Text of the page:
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MOVIES: The Five Devils - Review

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The Five Devils is not a time travel story. Despite all intents and purposes; it’s a ghost story – to label it as a time travel story would be reductive in what it sets out to achieve. It’s a retelling of past events through the lens of the present – the daughter of Adèle Exarchopoulos’s Joanne explores the traumatic events of her family’s past through mysterious substances that give her the ability to see – if not to influence directly, past traumas that spiral into the present day when the past comes back to haunt them.

What follows is a turbulent, manic collection of ideas: a queer love quartet, a psychosexually charged narrative and a child becoming more aware of her own abilities and powers. It’s a magical realist coming of age story mired down the middle by the narrative around it – The Five Devils finds a way to take float in a convoluted but inspired way that pulls all its punches. The story beat lands – there’s a karaoke moment halfway through the film that pushed it from good to great in my book – and it really sets out what it wants to accomplish.

The main narrative purely revolves around Joanne and her family, to the point where like the character herself, Swala Emati doesn’t quite get the chance to flesh Julia’s story out as much as I would’ve liked; but it’s a turbulent performance and a charged turning point for the film when she’s brought back into Joanne’s life. The interesting portrayal of rural French small town politics lends to a Fire Walk With Me type feel – although this feels more straight lined than your average David Lynch movie. Léa Mysius makes the most out of Exarchopoulos, one of the best actors currently working – you only need to look at her filmography but especially last year’s brilliant Zero Fucks Given, to tell just how good she is at getting to grips to the characters – it’s interesting to see how the narrative can be dissected here.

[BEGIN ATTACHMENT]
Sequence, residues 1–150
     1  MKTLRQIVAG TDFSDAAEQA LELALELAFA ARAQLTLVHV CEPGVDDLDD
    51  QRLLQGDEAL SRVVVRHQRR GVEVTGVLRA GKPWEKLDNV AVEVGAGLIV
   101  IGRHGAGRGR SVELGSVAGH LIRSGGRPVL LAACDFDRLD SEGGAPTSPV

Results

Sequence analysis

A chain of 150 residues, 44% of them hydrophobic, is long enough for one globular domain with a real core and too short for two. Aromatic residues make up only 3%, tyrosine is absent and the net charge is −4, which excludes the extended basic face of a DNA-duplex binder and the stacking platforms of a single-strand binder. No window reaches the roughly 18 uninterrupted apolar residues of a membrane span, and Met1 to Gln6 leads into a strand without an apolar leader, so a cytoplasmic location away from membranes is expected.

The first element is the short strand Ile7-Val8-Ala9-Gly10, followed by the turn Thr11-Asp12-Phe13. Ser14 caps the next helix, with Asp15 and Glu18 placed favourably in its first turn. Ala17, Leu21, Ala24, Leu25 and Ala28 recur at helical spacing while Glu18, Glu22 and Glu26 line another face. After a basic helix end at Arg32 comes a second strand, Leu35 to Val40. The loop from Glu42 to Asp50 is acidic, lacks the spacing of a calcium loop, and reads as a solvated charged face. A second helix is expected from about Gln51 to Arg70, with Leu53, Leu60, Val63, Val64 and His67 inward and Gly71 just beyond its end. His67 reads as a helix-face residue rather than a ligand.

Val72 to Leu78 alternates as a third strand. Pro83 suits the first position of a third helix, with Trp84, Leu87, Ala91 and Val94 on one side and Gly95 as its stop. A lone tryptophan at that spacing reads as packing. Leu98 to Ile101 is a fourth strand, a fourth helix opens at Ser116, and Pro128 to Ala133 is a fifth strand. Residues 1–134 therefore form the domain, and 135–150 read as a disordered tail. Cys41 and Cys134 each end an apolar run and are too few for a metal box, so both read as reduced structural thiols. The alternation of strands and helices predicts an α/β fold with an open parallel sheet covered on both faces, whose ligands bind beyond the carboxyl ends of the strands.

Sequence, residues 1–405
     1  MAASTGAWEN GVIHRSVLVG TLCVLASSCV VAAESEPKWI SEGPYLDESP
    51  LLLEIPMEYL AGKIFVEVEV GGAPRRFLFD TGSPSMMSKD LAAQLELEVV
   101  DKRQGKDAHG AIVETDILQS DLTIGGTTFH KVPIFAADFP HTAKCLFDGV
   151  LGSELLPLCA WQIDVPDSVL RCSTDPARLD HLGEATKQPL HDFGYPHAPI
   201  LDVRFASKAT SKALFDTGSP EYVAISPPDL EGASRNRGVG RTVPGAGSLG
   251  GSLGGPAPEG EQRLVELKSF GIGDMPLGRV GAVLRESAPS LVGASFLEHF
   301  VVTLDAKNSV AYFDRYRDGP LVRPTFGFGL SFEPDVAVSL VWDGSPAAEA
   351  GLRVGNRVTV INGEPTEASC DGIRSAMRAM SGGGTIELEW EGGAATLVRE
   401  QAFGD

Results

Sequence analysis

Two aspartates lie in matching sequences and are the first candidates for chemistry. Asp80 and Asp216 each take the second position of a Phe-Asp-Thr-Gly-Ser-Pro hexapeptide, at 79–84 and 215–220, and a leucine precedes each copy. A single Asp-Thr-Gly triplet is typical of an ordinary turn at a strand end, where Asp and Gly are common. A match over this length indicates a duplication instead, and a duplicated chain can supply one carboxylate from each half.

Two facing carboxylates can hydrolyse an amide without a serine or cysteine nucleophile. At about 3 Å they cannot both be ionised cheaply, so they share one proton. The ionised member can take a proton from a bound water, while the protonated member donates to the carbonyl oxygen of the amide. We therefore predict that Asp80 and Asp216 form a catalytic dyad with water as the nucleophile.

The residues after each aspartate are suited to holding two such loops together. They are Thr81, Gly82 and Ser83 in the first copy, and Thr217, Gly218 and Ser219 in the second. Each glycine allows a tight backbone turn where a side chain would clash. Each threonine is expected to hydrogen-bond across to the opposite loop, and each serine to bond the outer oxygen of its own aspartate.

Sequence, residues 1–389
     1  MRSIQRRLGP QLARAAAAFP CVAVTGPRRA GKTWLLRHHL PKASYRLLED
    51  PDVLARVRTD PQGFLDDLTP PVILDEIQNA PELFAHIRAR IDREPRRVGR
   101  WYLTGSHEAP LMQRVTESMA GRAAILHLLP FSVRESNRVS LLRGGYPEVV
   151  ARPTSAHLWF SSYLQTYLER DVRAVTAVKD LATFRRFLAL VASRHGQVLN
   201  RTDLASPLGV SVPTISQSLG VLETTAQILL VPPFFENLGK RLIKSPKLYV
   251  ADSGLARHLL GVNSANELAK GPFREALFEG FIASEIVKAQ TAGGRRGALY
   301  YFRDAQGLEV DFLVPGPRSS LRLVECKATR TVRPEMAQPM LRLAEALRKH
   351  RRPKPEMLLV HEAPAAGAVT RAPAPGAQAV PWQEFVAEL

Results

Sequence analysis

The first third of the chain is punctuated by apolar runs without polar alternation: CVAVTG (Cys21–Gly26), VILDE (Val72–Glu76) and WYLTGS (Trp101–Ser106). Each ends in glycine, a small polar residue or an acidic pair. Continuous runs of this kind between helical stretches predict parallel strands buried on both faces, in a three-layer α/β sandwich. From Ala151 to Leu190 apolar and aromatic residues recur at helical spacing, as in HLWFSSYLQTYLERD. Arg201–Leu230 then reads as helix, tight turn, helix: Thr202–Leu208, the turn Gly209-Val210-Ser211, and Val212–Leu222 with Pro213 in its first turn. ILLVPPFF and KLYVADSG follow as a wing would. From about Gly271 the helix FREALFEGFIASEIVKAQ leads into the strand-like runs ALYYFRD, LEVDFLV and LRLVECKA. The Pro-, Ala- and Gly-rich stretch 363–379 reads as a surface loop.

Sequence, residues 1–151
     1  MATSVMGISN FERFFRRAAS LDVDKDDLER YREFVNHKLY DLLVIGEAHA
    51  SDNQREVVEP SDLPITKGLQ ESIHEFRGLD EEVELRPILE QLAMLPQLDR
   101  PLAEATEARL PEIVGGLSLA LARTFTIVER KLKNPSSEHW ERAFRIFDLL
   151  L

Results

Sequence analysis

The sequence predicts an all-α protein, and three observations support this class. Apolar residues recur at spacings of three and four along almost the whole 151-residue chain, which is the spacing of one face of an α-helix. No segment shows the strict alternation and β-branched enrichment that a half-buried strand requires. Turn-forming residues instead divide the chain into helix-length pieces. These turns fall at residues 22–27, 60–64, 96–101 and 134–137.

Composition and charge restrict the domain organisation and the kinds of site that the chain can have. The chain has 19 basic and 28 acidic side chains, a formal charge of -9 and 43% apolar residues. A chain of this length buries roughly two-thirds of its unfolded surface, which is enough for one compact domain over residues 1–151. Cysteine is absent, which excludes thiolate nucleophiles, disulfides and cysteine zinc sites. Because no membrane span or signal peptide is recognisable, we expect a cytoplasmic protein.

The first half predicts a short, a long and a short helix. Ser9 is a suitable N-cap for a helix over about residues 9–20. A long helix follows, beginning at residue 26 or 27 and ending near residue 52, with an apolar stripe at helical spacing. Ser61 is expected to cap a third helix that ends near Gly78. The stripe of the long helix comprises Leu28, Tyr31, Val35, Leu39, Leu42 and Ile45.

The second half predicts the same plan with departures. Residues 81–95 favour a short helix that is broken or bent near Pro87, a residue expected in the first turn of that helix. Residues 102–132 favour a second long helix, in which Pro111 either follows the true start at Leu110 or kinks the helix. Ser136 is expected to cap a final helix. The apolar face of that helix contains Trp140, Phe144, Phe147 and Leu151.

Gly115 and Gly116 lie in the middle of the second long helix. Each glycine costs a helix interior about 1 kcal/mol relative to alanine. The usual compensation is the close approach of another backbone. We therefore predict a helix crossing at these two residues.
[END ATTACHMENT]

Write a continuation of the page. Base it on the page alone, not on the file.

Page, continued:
Past happens at the same time of the present, it’s a story of ghosts after all – and all the better for that. With so *much* going on it can be difficult to put everything together at first, but when The Five Devils gets going, it really does a fantastic job at convincing you of its world and the characters that inhabit it – a tragedy at the core of a family drama is brought back to the surface in a messy way without any easy answers.

Location is key here and I love the decision to shoot on 35mm. It really makes the atmosphere especially in the time travel sequences feel all the more real, and the community feels lived in and believable for a small-town. The Five Devils may struggle with coherence but it’s the ambition that gives it a crucial edge that sets it apart.

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